The CNBC debate started late and lame, and then the punches started flying.

Several candidates had very strong outings, but I must say, some of the moderators’ questions came off as downright snide, bordering on insults. One question after another was just loaded, worded to denigrate the candidates.

No wonder Ted Cruz got a big cheer from the Boulder audience when he attacked the questioners and called the debate a case study in mainstream media bias.

I’m in favor of tough and provocative questions. The Fox moderators asked tough questions. CNN’s Anderson Cooper asked tough questions. The CNBC moderators sounded condescending.

This surprised me. The network has good journalists. I thought if anything the focus on the economy might slide into dullness. But its team played into the hands of those who think the media are unfair to Republicans.

It got so bad that “Mad Money” madman Jim Cramer and Tea Party inspiration Rick Santelli sounded restrained by comparison.

After a throwaway query about biggest weaknesses, John Harwood, who also writes for the New York Times, asked Donald Trump if he wasn’t running a “comic-book version” of a campaign. Trump pivoted away from the “not very nice” question, but Harwood hammered him again: His tax plan, according to experts, had as much chance of working as The Donald flying away from the podium.

Carl Quintanilla was dismissive toward Marco Rubio by calling him a “young man in a hurry.” This was part of a long question about why he was missing many Senate votes, that ended with a preachy tone why he didn’t wait in line for his turn to run for president. Really?

Rubio punched back by saying the GOP establishment wanted him to wait, and denouncing Florida’s Sun-Sentinel (which called on him to vote more or resign) for liberal bias, since the paper hadn’t made a similar call when Democrat Bob Graham ran in 2004.

The exchange provided Jeb Bush with his one big moment in the debate, a chance to smack his fellow Floridian for supposedly not showing up for work. But Rubio effectively responded by saying someone must have convinced the former governor he had to attack Rubio.

Becky Quick asked Carly Fiorina a negative question about getting fired at Hewlett-Packard, which is fair, but rather than breaking new ground, she simply asked why the stock had plunged during her tenure. Fiorina said the Nasdaq had dropped 80 percent.

Quintanilla actually got booed during a series of questions to Ben Carson about his connection to a controversial medical supplement maker. When the doctor said the firm had put his picture on its home page without his permission, Quintanilla shot back: “Does that not speak to your vetting process or judgment in any way?” The audience unloaded.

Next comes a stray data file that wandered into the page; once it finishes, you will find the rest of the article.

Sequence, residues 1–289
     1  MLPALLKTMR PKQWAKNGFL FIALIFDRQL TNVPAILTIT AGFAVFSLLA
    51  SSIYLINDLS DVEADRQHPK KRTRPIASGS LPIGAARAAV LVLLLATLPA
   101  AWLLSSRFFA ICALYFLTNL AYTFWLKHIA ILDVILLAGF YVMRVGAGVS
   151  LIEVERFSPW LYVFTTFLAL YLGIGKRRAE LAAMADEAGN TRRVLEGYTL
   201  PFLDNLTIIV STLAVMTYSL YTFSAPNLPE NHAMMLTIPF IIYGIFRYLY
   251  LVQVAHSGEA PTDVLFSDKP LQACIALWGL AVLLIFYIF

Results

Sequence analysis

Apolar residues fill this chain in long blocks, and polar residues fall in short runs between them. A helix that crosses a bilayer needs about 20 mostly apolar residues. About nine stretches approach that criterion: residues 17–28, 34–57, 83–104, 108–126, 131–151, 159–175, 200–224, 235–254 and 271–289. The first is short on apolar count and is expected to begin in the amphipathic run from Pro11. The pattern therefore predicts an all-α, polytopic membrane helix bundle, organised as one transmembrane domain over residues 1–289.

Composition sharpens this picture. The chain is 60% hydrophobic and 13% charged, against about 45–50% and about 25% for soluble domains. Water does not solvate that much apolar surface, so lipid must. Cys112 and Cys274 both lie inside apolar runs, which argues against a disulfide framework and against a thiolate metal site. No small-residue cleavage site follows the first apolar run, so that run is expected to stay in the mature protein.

Quick seemed befuddled when Trump challenged the premise of her question on immigration.

“Where did I read this and come up with this?” she asked.

“I don’t know, you people write this stuff,” Trump replied.

Quick wound up apologizing, but many minutes later, she found the quote (calling Rubio the personal senator of Mark Zuckerberg) that Trump had disputed.

Anyone can make a mistake, but how do you not have the backup research at hand?

The crowd also booed Harwood when he invited Mike Huckabee to slam Trump by asking whether The Donald has the “moral authority” to unite the country. Huckabee deflected it with a joke, and Trump accused Harwood of “such a nasty question.”

As the Colorado night wore on, the debate’s focus often seemed to shift from the economy to the press. When Trump was railing against Super PACs, Rubio declared that the Democrats have a Super PAC called the mainstream media. He cited the positive reports of Hillary Clinton’s House Benghazi testimony (which some conservative commentators and even GOP candidates did say was a good day for her).

And Cruz may have overreached in comparing CNBC’s questions to those asked at the Democratic debate, since that event was handled by CNN.

Rubio may have had the most breakout moments, some of them sprinkled with humor. Cruz, Fiorina, Kasich and Chris Christie had a few. Bush failed to make his mark. Trump and Carson did nothing to hurt themselves.

But my takeaway is that the candidates were the most effective and impassioned when they bashed the media—and that CNBC gave them plenty of ammunition.

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Howard Kurtz is a Fox News analyst and the host of "MediaBuzz" (Sundays 11 a.m. and 5 p.m. ET). He is the author of five books and is based in Washington. Follow him at @HowardKurtz. Click here for more information on Howard Kurtz.